How JustAnswer Works:
  • Ask an Expert
    Experts are full of valuable knowledge and are ready to help with any question. Credentials confirmed by a Fortune 500 verification firm.
  • Get a Professional Answer
    Via email, text message, or notification as you wait on our site.
    Ask follow up questions if you need to.
  • 100% Satisfaction Guarantee
    Rate the answer you receive.
Ask Attorney & Mediator Your Own Ques...
Attorney & Mediator
Attorney & Mediator, Lawyer
Category: Legal
Satisfied Customers: 20012
Experience:  Attorney & Certified Mediator
Type Your Legal Question Here...
Attorney & Mediator is online now
A new question is answered every 9 seconds

What happens if I refuse to pick up certified mail and not sign?

This answer was rated:

What happens if I don't pick up certified mail from post office? I received certified mail receipts but it doesn't show from who it is and because I don't know who the sender is, I don't want to go pick it up at the counter. Can I get in trouble?

You will not get into any trouble. You can refuse certified mail. If you cannot get served by mail for a court hearing, the party would have to attempt other methods of trying to serve you, such as serving you in person or by publishing notice in the newspaper. But it can also be argued that by refusing the letter you acknowledged service. This would be hard for the court to permit a hearing to go forward, but can be possible.
This is how the postal service answers your question:
"USPS attempts delivery of a Certified Mail letter three times over a 21 day period. The letter carrier will leave a delivery notice at the delivery address instructing them to pick up the item at their local post office. The USPS letter carrier documents the attempted delivery process with an electronic date and time scan that is kept by USPS and made available to the letter sender.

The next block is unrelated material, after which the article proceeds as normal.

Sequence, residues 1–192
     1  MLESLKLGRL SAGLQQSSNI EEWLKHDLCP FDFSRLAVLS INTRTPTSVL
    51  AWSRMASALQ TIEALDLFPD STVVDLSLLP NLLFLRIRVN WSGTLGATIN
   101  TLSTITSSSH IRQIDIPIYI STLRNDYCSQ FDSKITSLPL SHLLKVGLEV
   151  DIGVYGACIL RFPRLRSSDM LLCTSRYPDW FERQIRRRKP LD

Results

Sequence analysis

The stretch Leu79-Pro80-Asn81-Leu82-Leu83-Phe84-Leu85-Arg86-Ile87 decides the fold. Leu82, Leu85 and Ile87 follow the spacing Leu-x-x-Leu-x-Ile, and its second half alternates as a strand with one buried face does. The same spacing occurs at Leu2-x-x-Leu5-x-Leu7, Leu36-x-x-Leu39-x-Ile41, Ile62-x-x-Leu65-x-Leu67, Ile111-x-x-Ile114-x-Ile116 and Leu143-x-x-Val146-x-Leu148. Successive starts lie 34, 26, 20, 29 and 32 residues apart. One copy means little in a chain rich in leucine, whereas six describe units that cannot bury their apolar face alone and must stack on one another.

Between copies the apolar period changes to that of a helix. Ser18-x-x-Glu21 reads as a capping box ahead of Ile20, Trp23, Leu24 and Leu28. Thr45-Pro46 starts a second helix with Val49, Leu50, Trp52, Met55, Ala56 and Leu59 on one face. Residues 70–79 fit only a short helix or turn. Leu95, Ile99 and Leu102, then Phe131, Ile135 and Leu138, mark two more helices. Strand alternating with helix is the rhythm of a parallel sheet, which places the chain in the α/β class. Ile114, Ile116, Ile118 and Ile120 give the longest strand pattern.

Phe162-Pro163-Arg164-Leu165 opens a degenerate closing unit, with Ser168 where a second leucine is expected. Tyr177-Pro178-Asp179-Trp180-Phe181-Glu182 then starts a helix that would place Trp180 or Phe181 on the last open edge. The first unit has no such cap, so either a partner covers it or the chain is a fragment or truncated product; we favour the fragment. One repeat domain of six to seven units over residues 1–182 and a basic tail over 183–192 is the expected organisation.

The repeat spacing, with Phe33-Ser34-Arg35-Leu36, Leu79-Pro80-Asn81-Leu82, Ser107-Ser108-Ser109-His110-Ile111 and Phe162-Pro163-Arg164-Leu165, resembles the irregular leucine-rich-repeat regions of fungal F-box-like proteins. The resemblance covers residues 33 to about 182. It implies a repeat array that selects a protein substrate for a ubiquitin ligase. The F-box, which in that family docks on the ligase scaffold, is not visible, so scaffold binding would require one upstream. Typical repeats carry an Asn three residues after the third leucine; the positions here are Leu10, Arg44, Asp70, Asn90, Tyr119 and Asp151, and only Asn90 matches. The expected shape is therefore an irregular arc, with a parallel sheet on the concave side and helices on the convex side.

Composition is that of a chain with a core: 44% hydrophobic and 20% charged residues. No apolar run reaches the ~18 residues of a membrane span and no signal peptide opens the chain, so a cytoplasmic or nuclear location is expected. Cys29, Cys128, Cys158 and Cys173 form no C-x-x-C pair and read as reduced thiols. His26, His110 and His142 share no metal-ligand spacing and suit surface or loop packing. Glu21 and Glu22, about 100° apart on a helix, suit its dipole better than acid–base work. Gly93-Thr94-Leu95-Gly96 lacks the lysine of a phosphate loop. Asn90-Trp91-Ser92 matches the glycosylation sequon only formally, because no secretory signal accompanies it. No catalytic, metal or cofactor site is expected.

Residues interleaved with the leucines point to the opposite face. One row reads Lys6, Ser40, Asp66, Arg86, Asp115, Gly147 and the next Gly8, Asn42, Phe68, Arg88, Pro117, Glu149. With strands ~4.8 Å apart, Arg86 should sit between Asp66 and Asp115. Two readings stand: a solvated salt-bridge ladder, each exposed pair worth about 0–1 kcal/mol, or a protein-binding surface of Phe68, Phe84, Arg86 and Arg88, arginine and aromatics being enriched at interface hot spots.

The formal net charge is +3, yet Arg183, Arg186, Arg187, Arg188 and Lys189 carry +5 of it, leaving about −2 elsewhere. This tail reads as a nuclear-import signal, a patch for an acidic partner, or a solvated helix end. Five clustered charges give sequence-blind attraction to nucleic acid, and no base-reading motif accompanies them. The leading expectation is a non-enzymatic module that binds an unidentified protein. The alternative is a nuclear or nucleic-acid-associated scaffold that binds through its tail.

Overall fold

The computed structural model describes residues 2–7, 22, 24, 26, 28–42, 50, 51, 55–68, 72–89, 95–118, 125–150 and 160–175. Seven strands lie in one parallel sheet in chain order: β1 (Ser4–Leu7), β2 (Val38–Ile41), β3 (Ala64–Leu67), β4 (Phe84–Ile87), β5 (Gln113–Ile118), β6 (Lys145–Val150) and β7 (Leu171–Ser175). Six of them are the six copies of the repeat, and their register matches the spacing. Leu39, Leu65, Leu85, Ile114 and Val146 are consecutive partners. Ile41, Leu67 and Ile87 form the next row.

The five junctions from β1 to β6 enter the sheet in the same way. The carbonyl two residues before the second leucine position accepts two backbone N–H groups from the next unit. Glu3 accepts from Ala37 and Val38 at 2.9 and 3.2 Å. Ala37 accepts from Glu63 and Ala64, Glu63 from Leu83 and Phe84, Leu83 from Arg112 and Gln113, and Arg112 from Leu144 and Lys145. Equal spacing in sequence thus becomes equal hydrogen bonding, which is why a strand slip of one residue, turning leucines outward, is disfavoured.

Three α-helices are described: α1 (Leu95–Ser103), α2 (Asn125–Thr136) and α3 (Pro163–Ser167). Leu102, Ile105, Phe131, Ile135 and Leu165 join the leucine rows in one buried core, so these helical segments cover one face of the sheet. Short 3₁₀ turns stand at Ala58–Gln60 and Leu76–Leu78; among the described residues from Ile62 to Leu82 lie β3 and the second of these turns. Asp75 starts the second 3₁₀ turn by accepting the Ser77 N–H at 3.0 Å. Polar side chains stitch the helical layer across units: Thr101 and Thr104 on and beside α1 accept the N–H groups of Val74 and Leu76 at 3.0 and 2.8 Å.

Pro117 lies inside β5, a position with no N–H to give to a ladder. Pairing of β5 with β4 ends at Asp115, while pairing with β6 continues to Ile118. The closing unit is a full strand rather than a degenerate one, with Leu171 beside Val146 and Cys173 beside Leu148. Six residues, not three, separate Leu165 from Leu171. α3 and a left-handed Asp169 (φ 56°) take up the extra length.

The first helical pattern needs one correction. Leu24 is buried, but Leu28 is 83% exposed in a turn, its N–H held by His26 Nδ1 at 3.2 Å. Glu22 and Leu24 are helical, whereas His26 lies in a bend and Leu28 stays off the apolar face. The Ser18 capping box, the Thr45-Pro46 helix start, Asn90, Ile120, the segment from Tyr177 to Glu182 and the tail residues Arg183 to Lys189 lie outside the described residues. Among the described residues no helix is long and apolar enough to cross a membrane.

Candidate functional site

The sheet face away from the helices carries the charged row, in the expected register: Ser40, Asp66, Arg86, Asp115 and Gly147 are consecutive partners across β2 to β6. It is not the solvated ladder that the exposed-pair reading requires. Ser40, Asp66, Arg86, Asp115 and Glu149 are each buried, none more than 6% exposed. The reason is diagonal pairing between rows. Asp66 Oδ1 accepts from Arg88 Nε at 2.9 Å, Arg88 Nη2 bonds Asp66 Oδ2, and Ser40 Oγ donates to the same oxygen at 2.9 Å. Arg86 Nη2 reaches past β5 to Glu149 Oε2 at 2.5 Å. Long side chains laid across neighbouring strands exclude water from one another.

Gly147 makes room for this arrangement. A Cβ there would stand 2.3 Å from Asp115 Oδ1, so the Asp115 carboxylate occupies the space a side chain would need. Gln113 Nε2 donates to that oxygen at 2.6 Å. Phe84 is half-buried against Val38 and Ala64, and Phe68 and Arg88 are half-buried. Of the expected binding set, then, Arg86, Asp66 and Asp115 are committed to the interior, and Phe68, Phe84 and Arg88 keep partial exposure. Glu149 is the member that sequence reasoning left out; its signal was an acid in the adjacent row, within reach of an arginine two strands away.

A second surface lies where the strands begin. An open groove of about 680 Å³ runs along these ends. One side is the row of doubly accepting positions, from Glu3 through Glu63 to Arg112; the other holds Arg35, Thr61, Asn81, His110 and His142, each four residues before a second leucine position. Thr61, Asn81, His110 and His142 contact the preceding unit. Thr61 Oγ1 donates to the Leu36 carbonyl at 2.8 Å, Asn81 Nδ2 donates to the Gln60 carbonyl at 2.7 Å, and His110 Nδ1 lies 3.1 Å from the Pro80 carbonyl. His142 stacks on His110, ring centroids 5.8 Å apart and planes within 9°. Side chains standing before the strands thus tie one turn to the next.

If the delivery is unsuccessful after three attempts, the actual letter is returned to sender with the attempted delivery date and time information.
Any adult can sign for a Certified Mail letter - this does nothing other than prove the letter was delivered at this address.
A person can also refuse to accept the letter because it is addressed to a specific individual. Certified Mail "refused" may constitute a rebuttable or presumption of service since it indicates that they were presented with the envelope, but refused to accept it under circumstances indicating they had reason to know it involved legal proceedings against them."
Thank you

Attorney & Mediator and 8 other Legal Specialists are ready to help you

Related Legal Questions